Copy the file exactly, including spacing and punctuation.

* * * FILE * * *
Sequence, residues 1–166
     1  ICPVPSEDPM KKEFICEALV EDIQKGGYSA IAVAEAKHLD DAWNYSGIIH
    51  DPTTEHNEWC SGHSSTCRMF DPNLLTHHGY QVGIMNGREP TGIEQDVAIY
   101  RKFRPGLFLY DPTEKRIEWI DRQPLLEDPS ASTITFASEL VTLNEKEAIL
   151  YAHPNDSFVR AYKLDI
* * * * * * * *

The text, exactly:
Sequence, residues 1–166
     1  ICPVPSEDPM KKEFICEALV EDIQKGGYSA IAVAEAKHLD DAWNYSGIIH
    51  DPTTEHNEWC SGHSSTCRMF DPNLLTHHGY QVGIMNGREP TGIEQDVAIY
   101  RKFRPGLFLY DPTEKRIEWI DRQPLLEDPS ASTITFASEL VTLNEKEAIL
   151  YAHPNDSFVR AYKLDI